But what we tried to do is look at what it normally takes us to do a shipyard in this day and age, which is longer than it had been previously due to a number of factors. Lay that out, and then for a rig such as the Bounty which we know already that we’re going to be doing additional work on, laying those days out also.

So, while they are estimates, we are at this point in time not expecting anything greatly in excess of what we’ve laid out in the rig status report.

Jeff Tillery - Tudor Pickering

And the last question is just on the CapEx. As you get past the rest of the new build costs, your ‘08 CapEx of 680 includes 180 of new builds. Is $400 to $500 million a reasonable range to expect go forward post new builds and that gives you some room for contract driven upgrades?

Lawrence R. Dickerson

That’s difficult to say because we haven’t really grappled with it. We would expect because we have fewer rigs in the shipyard, we don’t have the time available to install stuff on the rigs. So, we would expect it to come down but that’s offset by costs continuing to go up.

And we will have another year’s worth of data in front of us. And if we discover a tool or an enhancement or an upgrade that will provide us with additional uptime, limiting downtime, any kind of redundancy protection, or any of that kind of stuff, you can bet we will do that. Certainly at that point in time that we will go to shipyard.

So, there are a bunch of factors going back and forth, but the biggest single one will be a decline in shipyards. What did we have in ‘09, five rigs, six rigs?

Gary T. Krenek

Yes, five.

Lawrence R. Dickerson

Five. I expect netting out everything else that it will trend down. I just can’t tell you how far down it will go.

Operator

Our next question is coming from David Smith - JPMorgan.

David Smith - JPMorgan

If I could follow up on the PEMEX issue, you mentioned they might be looking to hydrate their jack-up fleet. I’m wondering if they gave any indication about the reasoning for that, whether it’s performance issues within that or safety concerns given the Usumacinta tragedy, maybe a combination of things.

John Gabriel

I don’t think they really went into a lot of detail as to why. I would suspect that just simple versatility in terms of watered up capability and deficiencies would be the driver.

Lawrence R. Dickerson

What we see in the Gulf of Mexico, it depends on the needs as people move into deeper water and this is all being driven by geological things within the jack-up realm and that the mass becomes less of a tool that you need for jack-ups, and if you’re working on the platforms or any of these other factors that we don’t always get privy to.

David Smith - JPMorgan

On your Brownsville new build, the Scepter, but that rig is pretty suitable for the deep shelf requirements. Is that correct?

Lawrence R. Dickerson

Yes.

John Gabriel

Yes.

David Smith - JPMorgan

Do you see much interest there for work in the Gulf? You mentioned it might work there initially.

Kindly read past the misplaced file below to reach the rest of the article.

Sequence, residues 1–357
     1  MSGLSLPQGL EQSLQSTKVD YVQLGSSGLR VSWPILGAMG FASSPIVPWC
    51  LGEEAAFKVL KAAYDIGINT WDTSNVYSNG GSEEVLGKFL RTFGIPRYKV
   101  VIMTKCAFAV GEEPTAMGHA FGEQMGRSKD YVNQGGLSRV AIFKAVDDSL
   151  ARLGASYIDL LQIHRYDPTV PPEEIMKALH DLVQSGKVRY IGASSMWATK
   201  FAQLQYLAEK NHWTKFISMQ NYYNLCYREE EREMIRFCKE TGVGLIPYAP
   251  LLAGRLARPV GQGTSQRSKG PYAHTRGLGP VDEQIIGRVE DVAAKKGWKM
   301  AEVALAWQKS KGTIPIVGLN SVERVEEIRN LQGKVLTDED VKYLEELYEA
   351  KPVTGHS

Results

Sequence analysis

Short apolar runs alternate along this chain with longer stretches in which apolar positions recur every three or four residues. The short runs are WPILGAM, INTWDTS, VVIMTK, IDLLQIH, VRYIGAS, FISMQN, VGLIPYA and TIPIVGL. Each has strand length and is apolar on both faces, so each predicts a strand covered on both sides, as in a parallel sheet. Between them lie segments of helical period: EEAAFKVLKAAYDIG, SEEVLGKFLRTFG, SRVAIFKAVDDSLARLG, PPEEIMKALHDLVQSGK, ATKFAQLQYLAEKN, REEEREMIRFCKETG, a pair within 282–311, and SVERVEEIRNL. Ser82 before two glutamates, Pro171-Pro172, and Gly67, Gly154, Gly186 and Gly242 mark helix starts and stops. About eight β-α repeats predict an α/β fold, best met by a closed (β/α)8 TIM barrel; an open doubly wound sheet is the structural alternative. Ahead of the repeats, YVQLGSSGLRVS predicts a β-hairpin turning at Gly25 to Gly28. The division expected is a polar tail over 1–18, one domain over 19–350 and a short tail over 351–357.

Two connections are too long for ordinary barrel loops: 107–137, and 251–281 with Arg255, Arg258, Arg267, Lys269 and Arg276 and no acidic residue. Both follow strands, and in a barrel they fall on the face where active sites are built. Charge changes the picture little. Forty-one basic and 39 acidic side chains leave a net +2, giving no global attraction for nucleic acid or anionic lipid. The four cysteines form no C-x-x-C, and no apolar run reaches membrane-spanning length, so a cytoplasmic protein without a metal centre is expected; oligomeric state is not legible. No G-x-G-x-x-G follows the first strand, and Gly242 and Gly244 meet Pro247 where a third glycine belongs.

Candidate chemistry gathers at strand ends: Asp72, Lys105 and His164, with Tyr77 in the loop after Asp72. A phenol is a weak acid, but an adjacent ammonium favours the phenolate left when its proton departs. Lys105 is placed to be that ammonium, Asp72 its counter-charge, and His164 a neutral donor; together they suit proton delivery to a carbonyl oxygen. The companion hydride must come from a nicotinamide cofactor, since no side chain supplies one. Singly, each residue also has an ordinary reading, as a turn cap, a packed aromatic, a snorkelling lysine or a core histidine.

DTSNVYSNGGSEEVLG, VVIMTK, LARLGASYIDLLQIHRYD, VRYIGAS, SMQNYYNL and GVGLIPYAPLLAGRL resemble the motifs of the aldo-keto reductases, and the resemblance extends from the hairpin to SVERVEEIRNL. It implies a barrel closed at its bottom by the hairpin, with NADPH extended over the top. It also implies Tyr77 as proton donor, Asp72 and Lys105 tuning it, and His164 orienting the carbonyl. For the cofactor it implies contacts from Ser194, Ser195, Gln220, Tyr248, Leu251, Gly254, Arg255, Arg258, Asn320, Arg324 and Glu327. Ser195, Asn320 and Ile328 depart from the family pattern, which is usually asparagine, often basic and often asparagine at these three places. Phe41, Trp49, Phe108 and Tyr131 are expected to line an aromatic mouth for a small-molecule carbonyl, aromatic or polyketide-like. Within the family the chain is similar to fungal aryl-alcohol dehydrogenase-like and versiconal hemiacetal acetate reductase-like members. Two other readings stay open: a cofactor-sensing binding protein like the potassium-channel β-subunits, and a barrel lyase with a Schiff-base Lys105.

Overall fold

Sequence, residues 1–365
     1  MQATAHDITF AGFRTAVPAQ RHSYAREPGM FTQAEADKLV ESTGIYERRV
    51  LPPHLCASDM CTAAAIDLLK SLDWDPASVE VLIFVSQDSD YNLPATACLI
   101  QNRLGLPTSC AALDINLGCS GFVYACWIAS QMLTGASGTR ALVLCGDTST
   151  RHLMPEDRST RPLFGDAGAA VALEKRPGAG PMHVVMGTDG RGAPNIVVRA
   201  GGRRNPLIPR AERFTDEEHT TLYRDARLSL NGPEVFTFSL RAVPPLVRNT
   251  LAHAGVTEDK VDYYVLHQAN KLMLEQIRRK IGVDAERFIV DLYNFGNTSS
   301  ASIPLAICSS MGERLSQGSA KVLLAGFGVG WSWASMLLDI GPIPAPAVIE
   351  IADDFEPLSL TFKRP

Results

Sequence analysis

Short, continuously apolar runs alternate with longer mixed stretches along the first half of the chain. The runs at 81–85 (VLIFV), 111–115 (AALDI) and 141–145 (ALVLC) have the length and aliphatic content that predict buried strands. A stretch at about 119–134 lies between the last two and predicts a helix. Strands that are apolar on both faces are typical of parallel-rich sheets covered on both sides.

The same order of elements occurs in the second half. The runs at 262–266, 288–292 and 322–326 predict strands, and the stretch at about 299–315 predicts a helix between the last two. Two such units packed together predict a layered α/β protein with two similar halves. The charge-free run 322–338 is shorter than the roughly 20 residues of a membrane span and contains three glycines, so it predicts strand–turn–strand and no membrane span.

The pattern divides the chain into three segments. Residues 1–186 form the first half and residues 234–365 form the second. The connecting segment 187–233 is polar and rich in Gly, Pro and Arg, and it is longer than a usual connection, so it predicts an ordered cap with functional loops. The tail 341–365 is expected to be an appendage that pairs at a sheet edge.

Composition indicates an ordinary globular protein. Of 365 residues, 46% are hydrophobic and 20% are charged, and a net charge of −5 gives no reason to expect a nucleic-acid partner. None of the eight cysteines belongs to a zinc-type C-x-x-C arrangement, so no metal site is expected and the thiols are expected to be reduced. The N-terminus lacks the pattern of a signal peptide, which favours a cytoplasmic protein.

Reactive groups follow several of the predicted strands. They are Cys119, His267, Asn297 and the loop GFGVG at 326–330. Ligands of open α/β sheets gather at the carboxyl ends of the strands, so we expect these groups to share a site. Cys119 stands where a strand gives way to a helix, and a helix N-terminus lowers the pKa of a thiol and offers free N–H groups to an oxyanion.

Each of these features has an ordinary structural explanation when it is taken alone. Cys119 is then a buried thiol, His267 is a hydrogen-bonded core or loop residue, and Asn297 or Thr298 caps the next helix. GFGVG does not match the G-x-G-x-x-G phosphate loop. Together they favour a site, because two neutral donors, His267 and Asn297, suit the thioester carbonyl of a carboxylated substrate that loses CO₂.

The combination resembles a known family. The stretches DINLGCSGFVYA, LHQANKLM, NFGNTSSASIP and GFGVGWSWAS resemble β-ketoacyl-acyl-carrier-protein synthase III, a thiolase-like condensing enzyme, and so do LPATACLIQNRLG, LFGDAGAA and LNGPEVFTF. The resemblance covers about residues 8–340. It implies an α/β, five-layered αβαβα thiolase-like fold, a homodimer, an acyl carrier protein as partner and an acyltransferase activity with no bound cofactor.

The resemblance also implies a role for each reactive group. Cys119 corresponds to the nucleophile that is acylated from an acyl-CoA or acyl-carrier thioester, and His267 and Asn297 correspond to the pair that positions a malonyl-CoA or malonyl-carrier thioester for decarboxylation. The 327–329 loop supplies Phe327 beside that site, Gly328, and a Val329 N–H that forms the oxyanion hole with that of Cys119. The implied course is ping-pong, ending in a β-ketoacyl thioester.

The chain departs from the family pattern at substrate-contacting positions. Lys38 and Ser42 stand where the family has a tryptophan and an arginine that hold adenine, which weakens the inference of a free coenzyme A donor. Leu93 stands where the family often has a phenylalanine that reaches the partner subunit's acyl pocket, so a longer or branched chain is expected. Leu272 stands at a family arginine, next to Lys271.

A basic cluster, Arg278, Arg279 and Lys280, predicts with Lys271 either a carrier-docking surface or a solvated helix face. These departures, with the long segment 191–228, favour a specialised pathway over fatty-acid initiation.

John Gabriel

We have seen a little bit of interest. We’re in discussions, very early stages of discussions with a couple of customers about the potential for the rig here in the Gulf. Again, I think our focus really has been international, based on the term that we can probably achieve in the international market versus the Gulf of Mexico market. But there has been a little bit of discussion about the rig for here in the Gulf of Mexico.

David Smith - JPMorgan

If it were for deep shelf requirements, any reason that you wouldn’t get the premium international rates for that kind of specific Gulf of Mexico requirement, deep shelf requirement?

John Gabriel

I really don’t see any reason why not.

David Smith - JPMorgan

But the Ocean Spur, I think currently the last announcement on that was in the $130s, down from the prior rate in the $190s. And I’m just wondering if that’s pure supply/demand dynamics or if maybe there was something special about the last $190 rate?

John Gabriel

I think it’s more that the $190, it was more of an anomaly than the $135 is, not to say that that market is basically at $135,000 a day. But I think the $190 rate was more of an opportunistic situation. And I think that again, that class of rig is not the new build, 350 to 400 foot, 2 million pound derrick type of rig. So we’re looking at a class distinction in rates really.

Operator

Our next question is coming from Robin Shoemaker - Bear Stearns.

Robin Shoemaker - Bear Stearns

I wanted to pursue a little bit on this mobe/demobe expenses and inspection fees, delays, and acceptance testing. You’re getting, I think, mobe and demobe fees on virtually all of your contracts. But I’m sure that some of these extended transitional costs are not getting reimbursed. Can you explain exactly how that works and whether you’re trying to perhaps strengthen the terms of those expenses that you incur when moving a rig from one region to another and anticipating all of the start-up costs in the new location?

Lawrence R. Dickerson

There is an accounting for mobe where the cost and the mobe fees are deferred and go to zero and are amortized over the life of the contract in general. But the impact that we talked about was that if a rig doesn’t go to work for 30 days, then we are losing 30 days’ worth of revenue that we would have otherwise expected and maybe had guided to in our previous rig status reports. So it’s the loss of revenue rather than accounting that deals with it.

So far as strengthening contracts, yes, we’d like to have stronger contracts. But almost every contract says that the customer has to buy off and accept the rig. And what we’ve just found in these international markets with the customers that they and the regulatory authorities have been more stringent. I won’t characterize whether we think it’s too much or too little, but more stringent than we had expected or that we would normally see in acceptance testing here in the Gulf of Mexico.